Bakers Journal

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Quebec’s wild blueberries arriving soon


July 17, 2012
By Bakers Journal

July 17, 2012, Montreal – Quebec's wild blueberries are expected to be
ready earlier than usual and this summer's harvest promises to be
bountiful.

July 17, 2012, Montreal – Quebec's wild blueberries are expected to be ready earlier than usual and this summer's harvest promises to be bountiful.

Usually available as of early August, the little sweet fruit should make its grand appearance in grocery stores and markets across the province in late July. "Our wild blueberry growers are in for another great season," says Gervais Laprise, director of the Syndicat des producteurs de bleuets du Québec. "While last spring in Saguenay – Lac-St-Jean featured erratic temperatures, the recent rainfalls and sunny periods proved to be a great combination for the little fruit, which has already formed in well-proportioned bunches. This is great news for consumers, who will be able to enjoy the benefits of Quebec's fresh wild blueberries sooner."

Studies have confirmed that, among all small fruits, the wild blueberry offers the greatest antioxidant benefits. Among the many virtues attributed to it is the prevention of various types of cancers and cardiovascular diseases, as well the effects of aging. A single 250-millilitre cup of wild blueberries contains 87 calories, four grams of dietary fibre and the equivalent of 45 per cent of the daily recommended dose of vitamin C.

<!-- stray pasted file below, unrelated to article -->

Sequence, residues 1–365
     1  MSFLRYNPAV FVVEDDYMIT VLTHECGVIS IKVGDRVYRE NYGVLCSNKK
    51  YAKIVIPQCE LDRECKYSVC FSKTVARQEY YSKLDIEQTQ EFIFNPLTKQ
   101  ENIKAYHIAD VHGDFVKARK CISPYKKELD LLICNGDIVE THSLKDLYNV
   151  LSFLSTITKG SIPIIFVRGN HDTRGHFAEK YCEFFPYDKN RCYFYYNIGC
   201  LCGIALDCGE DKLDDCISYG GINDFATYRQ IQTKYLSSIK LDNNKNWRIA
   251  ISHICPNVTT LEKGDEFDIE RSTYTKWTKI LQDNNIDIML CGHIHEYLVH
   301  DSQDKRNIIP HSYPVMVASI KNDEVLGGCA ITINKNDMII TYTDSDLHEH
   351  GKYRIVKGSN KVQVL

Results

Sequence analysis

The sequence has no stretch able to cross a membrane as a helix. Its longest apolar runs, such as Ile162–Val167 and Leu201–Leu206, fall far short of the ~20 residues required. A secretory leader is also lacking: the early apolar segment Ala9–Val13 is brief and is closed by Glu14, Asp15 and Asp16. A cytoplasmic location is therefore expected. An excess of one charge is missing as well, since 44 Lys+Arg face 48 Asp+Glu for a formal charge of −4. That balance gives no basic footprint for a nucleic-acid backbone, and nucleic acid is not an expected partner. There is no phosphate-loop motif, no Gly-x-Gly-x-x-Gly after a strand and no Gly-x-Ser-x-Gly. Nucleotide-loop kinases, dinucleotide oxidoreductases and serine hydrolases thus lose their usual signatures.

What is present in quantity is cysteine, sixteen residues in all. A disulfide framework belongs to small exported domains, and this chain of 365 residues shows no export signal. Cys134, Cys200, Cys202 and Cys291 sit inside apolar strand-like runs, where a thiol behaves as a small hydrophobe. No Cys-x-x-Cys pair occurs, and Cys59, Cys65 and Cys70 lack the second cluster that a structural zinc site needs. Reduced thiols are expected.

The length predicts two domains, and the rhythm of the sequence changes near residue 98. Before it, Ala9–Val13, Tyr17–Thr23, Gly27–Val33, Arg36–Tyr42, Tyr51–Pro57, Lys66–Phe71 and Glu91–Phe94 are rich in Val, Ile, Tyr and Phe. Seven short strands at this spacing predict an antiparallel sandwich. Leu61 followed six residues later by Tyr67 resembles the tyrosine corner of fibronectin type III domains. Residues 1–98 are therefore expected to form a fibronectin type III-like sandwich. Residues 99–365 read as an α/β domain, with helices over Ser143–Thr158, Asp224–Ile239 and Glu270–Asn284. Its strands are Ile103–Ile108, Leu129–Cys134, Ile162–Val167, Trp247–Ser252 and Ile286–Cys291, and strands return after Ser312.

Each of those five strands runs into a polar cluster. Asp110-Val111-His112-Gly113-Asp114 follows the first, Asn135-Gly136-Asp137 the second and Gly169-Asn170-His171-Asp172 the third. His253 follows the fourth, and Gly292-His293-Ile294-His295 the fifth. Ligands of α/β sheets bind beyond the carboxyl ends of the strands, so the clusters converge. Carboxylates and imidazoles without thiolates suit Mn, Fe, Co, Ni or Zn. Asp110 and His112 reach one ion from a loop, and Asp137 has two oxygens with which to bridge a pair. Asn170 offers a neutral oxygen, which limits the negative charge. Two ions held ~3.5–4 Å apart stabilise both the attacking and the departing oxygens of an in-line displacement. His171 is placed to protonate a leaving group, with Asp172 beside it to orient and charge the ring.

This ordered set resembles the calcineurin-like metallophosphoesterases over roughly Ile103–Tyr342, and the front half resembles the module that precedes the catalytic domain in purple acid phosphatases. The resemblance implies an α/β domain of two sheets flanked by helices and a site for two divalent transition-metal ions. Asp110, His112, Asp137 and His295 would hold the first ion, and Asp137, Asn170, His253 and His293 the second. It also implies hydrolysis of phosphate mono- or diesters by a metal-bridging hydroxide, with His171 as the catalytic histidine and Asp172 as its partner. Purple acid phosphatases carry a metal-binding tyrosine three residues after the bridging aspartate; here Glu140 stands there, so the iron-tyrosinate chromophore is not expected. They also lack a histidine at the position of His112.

In order to enjoy blueberries year-round, look for them in the frozen foods section or dry your own blueberries with a paper towel and place them in a freezer bag to preserve their flavour. When you're ready to savour them, just give them a quick wash and you're all set. Check out the Syndicat des producteurs de bleuets du Québec's website, at spbq.ca , for more details on pick-your-own locations and to learn more about Quebec's wild blueberry industry, health benefits, recipes, addresses, as well as maps of forest picking sites.

Wild blueberries are Canada's most grown fruit, taking up over half of the country's fruit-growing land. They are exported to more than 30 countries, including the United States, Japan and Germany.